10 Travel Destinations In Peru Besides Cuzco And Lima

mancoraWhen planning a trip to Peru, many people focus on the two popular cities of Cuzco and Lima, unsure of what else to include on the itinerary. The reality is, adding some lesser-known yet worthwhile cities into the mix can really enhance a trip to this Andean country.

Mancora

You can easily waste weeks in this laid-back beach town without even noticing it. Mancora is a great place to visit if you enjoy surfing, beach sports, morning yoga on the shore or just doing nothing. The town is also an excellent home base if you’re interested in visiting the fishing village of Cabo Blanco. This is where the famous author Ernest Hemingway used to hang out, drink Pisco Sours and pen classics like “The Old Man and the Sea.”

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Visiting Pisco will allow you to visit one of the most beautiful and ecologically diverse places in the world, the Islas Ballestas. Commonly referred to as the poor man’s Galapagos, these small islands feature seals, penguins, blue-footed boobies, guanay guano birds and other marine wildlife. Additionally, Pisco is close to Paracas National Reservation, a UNESCO World Heritage Site and the only marine reservation in Peru. Often considered one of the richest yet most bizarre ecosystems, you’ll find animals like penguins, sea lions, marine cats, black ostrich, dolphins, purple crabs and chita fish. For a bit of history in Pisco, make sure to visit Tambo Colorado. It’s an ancient adobe-style Inca fort that’s been well preserved, with mazes and various rooms to explore. You’ll also see the red, yellow and white painted walls from Inca times.

Trujillo

This city in northwestern Peru is full of history and culture. Visit the well-preserved ruins site of Chan Chan, which is considered the largest pre-Hispanic mud brick settlement in the Americas. Its origin dates back to the beginnings of the first millennium A.D. When in Trujillo, there is also an interesting archaeological complex called El Brujo. It dates back to the Moche culture from 100 B.C. to 650 A.D., and is thought to have been used for religious ceremonies. There is also an interesting museum about the site worth checking out. For more Moche history, travelers to Trujillo can also visit the Moche Pyramids, Huaca del Sol and Huaca de la Luna. Literally translating to “Pyramid of the Sun” and “Pyramid of the Moon,” this is where it is believed priests carried out bloody human sacrifices.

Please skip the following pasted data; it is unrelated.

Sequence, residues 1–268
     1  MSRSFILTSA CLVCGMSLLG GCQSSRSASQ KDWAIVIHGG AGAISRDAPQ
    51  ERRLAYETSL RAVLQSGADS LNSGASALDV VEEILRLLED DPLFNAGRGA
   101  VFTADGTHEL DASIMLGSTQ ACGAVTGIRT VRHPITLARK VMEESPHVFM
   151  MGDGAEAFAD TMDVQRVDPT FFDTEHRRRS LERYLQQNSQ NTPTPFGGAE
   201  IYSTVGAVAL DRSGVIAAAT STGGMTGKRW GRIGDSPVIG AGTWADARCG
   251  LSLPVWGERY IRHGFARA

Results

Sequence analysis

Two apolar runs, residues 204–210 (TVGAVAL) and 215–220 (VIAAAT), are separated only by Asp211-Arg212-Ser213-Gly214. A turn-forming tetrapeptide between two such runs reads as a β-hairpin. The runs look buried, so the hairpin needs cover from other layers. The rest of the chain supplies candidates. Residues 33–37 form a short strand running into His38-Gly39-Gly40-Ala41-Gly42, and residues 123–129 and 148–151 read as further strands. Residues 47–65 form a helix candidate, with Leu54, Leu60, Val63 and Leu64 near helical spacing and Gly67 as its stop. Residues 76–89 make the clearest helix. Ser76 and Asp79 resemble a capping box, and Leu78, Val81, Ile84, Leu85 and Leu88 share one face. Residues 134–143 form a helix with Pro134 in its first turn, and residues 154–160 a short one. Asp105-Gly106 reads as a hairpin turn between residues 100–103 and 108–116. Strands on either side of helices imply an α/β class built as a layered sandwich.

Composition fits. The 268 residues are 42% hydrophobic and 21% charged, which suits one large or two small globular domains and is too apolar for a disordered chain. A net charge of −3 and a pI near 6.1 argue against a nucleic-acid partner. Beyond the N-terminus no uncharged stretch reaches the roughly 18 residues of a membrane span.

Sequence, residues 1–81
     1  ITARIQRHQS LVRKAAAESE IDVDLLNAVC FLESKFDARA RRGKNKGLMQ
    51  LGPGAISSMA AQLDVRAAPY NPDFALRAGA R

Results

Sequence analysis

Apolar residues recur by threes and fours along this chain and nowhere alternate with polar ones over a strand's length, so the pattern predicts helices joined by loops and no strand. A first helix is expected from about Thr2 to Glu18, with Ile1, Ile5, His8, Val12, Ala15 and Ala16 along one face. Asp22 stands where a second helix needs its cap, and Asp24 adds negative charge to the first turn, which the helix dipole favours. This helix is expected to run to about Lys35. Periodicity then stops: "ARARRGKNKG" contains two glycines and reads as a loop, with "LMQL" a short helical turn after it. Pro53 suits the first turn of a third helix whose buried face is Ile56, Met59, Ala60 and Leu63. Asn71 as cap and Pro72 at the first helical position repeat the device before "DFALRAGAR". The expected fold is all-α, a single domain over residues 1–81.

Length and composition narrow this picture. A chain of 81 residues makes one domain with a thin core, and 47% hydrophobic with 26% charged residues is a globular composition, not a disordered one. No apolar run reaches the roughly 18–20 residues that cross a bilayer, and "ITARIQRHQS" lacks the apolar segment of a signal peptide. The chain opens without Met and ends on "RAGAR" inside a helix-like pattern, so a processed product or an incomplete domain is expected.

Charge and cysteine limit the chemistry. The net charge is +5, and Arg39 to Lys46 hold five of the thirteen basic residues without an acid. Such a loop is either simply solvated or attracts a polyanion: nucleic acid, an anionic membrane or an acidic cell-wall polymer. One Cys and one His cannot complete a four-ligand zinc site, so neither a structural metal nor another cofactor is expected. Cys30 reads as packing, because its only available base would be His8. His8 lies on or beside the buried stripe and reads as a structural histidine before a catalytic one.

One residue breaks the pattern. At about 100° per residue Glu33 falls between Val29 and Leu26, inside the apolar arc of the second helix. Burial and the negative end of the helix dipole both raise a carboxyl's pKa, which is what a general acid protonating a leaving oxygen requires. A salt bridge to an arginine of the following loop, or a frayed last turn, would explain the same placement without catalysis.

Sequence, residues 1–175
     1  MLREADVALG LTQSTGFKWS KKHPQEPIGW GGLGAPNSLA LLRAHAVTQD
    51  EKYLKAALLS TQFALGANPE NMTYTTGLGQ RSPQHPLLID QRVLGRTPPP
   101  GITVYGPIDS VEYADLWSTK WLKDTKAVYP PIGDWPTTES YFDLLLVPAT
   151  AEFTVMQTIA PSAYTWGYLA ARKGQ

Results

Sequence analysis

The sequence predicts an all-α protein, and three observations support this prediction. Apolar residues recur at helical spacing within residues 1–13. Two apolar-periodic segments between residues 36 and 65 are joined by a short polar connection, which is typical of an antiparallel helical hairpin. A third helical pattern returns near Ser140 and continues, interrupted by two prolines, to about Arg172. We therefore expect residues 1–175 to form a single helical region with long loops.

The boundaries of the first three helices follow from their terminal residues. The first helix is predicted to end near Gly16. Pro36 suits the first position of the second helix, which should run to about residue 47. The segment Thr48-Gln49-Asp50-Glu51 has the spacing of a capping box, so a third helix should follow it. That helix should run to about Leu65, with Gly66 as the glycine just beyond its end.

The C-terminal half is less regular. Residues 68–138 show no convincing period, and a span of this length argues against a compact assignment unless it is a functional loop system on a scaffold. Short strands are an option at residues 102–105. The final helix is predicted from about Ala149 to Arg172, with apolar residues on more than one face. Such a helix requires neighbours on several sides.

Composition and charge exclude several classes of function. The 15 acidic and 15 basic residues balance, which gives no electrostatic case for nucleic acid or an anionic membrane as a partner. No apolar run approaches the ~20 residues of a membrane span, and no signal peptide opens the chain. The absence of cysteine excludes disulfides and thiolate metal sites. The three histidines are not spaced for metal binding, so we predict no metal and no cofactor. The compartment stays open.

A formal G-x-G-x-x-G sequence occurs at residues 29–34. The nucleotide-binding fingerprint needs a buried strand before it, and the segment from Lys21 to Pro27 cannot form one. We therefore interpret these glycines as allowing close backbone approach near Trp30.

puno Puno

While there isn’t too much beauty in the actual city of Puno, you will find a lot of culture. Indigenous markets, authentic eateries serving three course meals for $1 and an array of unique transportation modes like go-karts and tuk-tuks abound. The main reason to go to Puno, however, is for the boat trips to the more beautiful areas of Lake Titicaca. Visit the man-made floating islands of Uros, made entirely out of reeds, while meeting the indigenous Uru people. You can also take a boat ride out to the traditional collectivist island of Taquile, known for its untouched beauty and locals who make handwoven textiles and clothing. These handicrafts are said to be of the highest quality in Peru. Moreover, the island has a unique method of tourism where cultural programming and homestays are the focus, which allows you to really get to know the people and their way of life.

Huaraz

Huaraz is a hiker’s paradise, and if you love unusual landscapes, this is a city you must visit on a vacation to Peru. It’s in the Cordillera Blanca region, an area of Peru’s Northern Sierra. Trekkers can go to the “House of Guides” for complimentary trail information. If you’re looking for a lengthy hike, go from Santa Cruz to Llanganuco. This four- to five-day excursion reaches 15,583 feet and allows you views of Huascaran, Peru’s highest peak, beautiful valleys and crystal lakes. Along with hiking, visitors can enjoy mountaineering, rock climbing, biking, markets, archaeological sites, museums and parks.

Chivay

The main reason to visit the town of Chivay is to take in the natural beauty of “the world’s deepest canyon,” Colca Canyon. At 13,650 feet deep, it is more than twice as deep as the Grand Canyon. Hike the volcanic landscape, view ancient cave art and take in the unique scenery of the area. In Chivay, you’ll also be able to enjoy natural hot springs, an astronomical observatory and cultural markets.

Huanchaco

If you love surfing, the beach town of Huanchaco is the perfect place to add to your Peru itinerary. Surfers of all levels can enjoy the good wind and swell direction, with swells ranging from 3 feet to 8 feet or more. It can also be interesting to learn about the ancient fishing tradition that is still practiced today. You’ll notice numerous “cabalitos de torta,” or “little reed horses.” They get their name from the way they are straddled by fishermen when taking their nets into the water to catch fish. Interestingly, these boats are made of the same reeds used by the people of the Uros Islands to create their man-made floating islands. For a bit of culture, visit the town center of Huanchaco with colonial architecture, historic churches and peaceful squares.